LMI market lacks competition and burdens consumer: HIA

by Calida Smylie16 Apr 2014
The Housing Industry Association has criticised the high cost to consumers and lack of competition within the lenders mortgage insurance market.

“We believe that the inquiry should examine pricing and competition within the LMI market as it lacks a competitive number of suppliers,” said HIA in its submission to the Financial Systems Inquiry.

The cost of the LMI premium can be substantial compared to the size of the loan – in the case of larger home prices involving high LVRs, the LMI premium can amount to almost 5% of the loan value, said HIA.

“The burden of the LMI premium is best captured by estimating the additional payments that result over the lifetime of the mortgage resulting from the LMI being absorbed into the mortgage principal.”

HIA gave an example of the “considerable” increase in mortgage repayments arising from LMI for a 30 year mortgage with 90% LVR at a discounted variable mortgage rate of 5.4%. Total repayments rise by over $6,000 for a $250,000 home and $40,000 on a $1m home.

To combat lack of insurer competition – the LMI market is dominated by Genworth and QBE – and significant prices for consumers, the inquiry should investigate and consider recommending a government-backed mortgage insurance scheme similar to that available in Canada, said HIA.

The Finance Brokers Association of Australia also believes there is a need for greater transparency and disclosure on behalf of LMI insurers and lenders.

FBAA said there are many issues surrounding LMI, such as consumers not being able to transfer their paid-for LMI, and not being provided with LMI product disclosure statements, including any details regarding any commissions payable to the lender.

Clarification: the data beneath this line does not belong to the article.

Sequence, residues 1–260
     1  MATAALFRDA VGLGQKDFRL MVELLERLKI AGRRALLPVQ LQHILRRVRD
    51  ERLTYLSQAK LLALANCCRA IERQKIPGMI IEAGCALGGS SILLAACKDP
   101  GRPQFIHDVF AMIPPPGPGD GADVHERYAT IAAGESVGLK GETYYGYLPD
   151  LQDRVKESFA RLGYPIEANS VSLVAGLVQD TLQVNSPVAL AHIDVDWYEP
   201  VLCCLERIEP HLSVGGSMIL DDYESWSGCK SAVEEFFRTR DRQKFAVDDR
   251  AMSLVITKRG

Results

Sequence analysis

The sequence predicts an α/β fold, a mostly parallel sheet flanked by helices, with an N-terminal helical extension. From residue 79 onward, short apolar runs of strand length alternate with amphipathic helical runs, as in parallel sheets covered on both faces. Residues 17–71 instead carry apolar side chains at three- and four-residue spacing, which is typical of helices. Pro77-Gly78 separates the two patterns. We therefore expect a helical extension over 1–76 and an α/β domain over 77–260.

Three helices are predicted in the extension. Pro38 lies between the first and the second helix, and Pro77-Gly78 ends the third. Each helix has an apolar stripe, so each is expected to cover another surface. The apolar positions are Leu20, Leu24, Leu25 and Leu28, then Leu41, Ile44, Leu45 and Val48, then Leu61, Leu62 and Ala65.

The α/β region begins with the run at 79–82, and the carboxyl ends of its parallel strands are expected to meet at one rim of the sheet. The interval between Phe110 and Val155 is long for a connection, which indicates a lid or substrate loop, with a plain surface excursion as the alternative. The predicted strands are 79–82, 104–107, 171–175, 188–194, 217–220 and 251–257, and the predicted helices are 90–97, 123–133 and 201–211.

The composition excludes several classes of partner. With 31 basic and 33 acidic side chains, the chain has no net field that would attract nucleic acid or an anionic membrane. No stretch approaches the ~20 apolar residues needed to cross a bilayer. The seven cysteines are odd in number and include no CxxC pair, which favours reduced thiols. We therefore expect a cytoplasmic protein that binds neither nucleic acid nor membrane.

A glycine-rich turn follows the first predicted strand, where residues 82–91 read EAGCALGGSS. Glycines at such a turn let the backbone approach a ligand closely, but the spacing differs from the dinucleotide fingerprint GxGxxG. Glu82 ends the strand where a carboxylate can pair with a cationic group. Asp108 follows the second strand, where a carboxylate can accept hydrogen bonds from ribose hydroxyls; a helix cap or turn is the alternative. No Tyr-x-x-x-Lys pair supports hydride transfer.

Consumers are also not provided with the option to choose which LMI insurer would provide the best rate for their loan, so LMI rates and premiums are not standardised throughout the country, FBAA said.


FBAA slams LMI insurers for non-disclosure

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Turn to Canada to solve industry problems


  • by Fair trade Adelaide 16/04/2014 10:34:03 AM

    Legislation was put into place within the Banking Industry to get rid of break costs so a consumer could move their mortgage if it was not competitive, But if the loan is still over the 80% LVR the customer again would have to pay LMI again with the new lender, with the LMI not being transferable there is no competitive situation at all and the consumer has to stay with the lender until they reduce the loan under 80% or Capital growth catches up. This really needs to be looked at if the industry is honest.

  • by Country Broker 16/04/2014 11:24:37 AM

    If all the lobby groups get involved and put the pressure on , it may result in the federal government looking at the problem , until they see it is impacting on First Home Buyers being able to build in particular , there will be no action.

  • by Denise Brailey BFCSA (Inc) 16/04/2014 12:15:44 PM

    Loans are being made by Banks to people who did not even have the deposit. Its all arithmetic. Many of these loans were 97% and advertised as such in emails between banks and brokers. These loans bank approved, knew their customers were going to be hit with an LMI figure of say $12k when there was little or no deposit. This occurred with those who also were qualified for FHOG. WE have the documents - banks still approved 000's of these loans. Yes we agree with Housing Industry Assn. Cost of Insurance was a grand rort ripping off the most vulnerable. Yet was compulsory to Banks being "satisfied." And, Loan M Insurers also used same bank serviceability calculator and banks only sent across to LMI 3 pages of the LAF. Wide spread practice and we have the proof. Consumers had no choice. Something has to change.